What remains of the short/long/longer distinction discussed above? Vowel length is here expressed as sequential structure. Thus the class of longer vowels, /ɑy, ɑw, oy/, are formally represented expressed as nucleus-glide sequences. The class of short vowels, as in pit, pet, Pat, pot, putt, put,3.29 are bare nuclei, without any glide. What about the long vowels? These are also expressed as nucleus-glide sequences when T&B write them as /iy, ey, ow, uw/, making no formal distinction of length between the long and longer classes of vowels. The next observation will show, first, how the long/longer distinction is unnecessary to account for the different behavior of the vowels before /r/, and second, how the independently motivated analysis of /r/ as a glide can be used to clarify new facts that are otherwise inexplicable.
The facts are best introduced in their historical context. In England around the beginning of the 17th century, the vowels in the words her, fir, fur, and unstressed for3.30merged into a single, continuant, rhotic monophthong3.31 without distinctive [I, U, ɛ, o] color -- that is, without distinctive height or backness. (The merger actually took place in two steps, according to Jesperson 1909:319. First the high vowels merged: fir = fur; then the mid vowel: berth = birth.) Thus the former length contrast among non-low vowels before /r/ (exemplified as fear vs. fir, hair vs. her, boor vs. burr) was lost, and is not now distinctive. The present contrast between these vowels is in whether or not they have nuclear /ɚ/.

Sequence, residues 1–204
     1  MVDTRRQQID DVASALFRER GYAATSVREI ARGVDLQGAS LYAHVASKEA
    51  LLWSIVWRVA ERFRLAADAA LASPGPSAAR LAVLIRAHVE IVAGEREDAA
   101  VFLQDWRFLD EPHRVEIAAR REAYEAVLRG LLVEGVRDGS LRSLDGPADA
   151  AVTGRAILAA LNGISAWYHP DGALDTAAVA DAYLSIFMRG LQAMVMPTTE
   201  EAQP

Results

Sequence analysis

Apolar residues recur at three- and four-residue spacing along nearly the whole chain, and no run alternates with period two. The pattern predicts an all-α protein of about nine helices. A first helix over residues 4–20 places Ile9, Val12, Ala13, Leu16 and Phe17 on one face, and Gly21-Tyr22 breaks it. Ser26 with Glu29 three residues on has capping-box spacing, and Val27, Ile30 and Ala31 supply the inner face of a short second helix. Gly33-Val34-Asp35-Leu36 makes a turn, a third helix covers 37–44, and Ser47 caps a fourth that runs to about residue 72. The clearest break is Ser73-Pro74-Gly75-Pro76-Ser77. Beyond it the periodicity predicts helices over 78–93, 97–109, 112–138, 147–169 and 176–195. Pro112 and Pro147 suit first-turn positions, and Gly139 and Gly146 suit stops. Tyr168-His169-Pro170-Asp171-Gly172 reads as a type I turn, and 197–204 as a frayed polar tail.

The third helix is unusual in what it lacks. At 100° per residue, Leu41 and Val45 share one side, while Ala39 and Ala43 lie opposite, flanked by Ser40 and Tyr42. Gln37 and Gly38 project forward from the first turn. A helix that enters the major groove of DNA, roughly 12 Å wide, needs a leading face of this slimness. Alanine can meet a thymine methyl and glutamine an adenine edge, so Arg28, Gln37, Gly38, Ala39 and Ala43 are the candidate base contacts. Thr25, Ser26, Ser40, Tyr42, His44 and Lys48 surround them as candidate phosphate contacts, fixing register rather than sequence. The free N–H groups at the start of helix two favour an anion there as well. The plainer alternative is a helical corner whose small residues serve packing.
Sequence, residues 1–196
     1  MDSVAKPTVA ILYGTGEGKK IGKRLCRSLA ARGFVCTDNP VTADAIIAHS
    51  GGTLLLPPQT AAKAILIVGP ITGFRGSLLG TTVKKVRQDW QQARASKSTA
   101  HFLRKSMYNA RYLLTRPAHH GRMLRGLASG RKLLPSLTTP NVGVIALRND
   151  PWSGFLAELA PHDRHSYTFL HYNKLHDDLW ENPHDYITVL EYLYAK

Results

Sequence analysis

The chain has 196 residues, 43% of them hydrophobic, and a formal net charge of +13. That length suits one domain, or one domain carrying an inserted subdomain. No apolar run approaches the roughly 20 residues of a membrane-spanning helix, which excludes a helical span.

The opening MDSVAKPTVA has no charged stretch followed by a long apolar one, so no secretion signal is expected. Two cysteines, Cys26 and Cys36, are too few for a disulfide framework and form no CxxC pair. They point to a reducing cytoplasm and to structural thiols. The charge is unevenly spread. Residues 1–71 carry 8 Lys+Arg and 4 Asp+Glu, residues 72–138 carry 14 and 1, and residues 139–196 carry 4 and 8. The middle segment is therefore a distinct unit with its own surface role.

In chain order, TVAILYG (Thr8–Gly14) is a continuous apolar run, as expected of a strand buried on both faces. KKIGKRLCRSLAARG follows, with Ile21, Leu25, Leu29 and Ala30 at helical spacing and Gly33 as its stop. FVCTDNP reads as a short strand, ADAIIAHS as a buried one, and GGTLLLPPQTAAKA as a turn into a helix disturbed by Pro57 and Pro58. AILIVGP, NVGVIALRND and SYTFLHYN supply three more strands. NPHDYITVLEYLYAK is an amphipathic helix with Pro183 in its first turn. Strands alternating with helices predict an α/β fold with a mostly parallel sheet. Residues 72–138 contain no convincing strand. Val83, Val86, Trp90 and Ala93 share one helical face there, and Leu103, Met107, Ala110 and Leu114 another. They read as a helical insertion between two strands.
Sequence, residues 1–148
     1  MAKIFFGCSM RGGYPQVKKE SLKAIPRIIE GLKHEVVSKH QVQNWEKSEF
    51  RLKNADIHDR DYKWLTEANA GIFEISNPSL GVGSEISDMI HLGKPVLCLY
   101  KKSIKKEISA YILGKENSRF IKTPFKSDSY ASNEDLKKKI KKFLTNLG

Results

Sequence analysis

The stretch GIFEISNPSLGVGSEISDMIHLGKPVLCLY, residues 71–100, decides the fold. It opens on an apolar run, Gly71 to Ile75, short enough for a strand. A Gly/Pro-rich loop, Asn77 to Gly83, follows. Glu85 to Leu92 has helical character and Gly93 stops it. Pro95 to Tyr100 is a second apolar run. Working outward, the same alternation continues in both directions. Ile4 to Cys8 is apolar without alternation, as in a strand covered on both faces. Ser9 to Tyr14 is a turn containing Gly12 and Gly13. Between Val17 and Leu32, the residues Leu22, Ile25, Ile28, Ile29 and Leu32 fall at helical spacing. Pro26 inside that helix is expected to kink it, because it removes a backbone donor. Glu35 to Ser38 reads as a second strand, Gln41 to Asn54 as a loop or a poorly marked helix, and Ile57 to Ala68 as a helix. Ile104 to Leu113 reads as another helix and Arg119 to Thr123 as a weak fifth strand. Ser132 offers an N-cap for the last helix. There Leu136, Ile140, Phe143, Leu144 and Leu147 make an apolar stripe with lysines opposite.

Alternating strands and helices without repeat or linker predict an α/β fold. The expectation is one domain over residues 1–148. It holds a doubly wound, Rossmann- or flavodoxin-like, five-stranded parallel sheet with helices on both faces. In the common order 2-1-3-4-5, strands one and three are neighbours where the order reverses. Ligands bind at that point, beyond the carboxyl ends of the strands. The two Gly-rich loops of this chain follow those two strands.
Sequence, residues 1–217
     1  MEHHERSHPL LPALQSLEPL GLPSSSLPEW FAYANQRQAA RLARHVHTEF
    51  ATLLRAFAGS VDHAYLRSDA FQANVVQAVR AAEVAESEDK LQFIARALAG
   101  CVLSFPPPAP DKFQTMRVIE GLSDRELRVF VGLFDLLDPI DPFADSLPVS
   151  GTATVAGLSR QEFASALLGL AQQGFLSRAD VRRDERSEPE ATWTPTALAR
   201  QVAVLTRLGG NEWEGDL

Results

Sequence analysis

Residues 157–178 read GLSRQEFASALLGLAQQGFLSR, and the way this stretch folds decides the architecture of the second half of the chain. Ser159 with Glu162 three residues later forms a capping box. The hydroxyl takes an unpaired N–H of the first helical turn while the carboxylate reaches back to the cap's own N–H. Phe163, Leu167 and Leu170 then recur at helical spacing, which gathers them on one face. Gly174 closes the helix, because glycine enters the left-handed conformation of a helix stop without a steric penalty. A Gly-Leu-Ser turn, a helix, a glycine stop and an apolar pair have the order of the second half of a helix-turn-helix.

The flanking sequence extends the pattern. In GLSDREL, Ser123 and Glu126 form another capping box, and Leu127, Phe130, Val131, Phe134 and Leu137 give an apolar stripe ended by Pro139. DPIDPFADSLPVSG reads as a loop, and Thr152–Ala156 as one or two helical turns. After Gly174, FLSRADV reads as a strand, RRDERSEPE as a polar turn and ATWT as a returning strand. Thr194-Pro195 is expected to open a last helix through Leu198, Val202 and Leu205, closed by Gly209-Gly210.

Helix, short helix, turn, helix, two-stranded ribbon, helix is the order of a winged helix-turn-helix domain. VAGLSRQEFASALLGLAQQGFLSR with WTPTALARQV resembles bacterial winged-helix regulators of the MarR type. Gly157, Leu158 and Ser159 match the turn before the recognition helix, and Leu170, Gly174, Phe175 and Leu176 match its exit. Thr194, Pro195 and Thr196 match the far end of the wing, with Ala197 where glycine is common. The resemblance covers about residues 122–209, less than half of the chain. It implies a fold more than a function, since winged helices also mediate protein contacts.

A phonetic explanation for this response to the change may suffice: the retroflex continuant /r/ gesture ``has a relatively incompressible trajectory whose timing `slides' with respect to other gestures in a sequence'' (Boyce & Espy-Wilson 1991). The effect of this ``sliding'' is that the /r/ gesture may begin even before preceding segments begin, so as to attain a configuration that produces a fully rhotic sound at the point in the acoustic sequence corresponding to the timing slot of the /r/ itself. The temporal incompressibility of this very complex gesture (which can involve three constrictions, as discussed on page and by Ohala 1985) suggests that the rhotic quality may bleed into the preceding short vowels, merging them together, while preceding long vowels were long enough to retain their individual nuclear vowel qualities.
Today the situation remains the same: There is no contrast between long and short for mid and high vowels before /r/. This is the key: The long vowels before /r/ could just as well be categorized as short. Since there is no contrast between /iy, i/, /ey, e/, /uw, u/ before tautosyllabic /r/, we are free to represent fear, fair, boor, etc., without filling the glide position, which otherwise is used to represent the long-short contrast. This in turn allows /r/ to occur in the glide position in these words.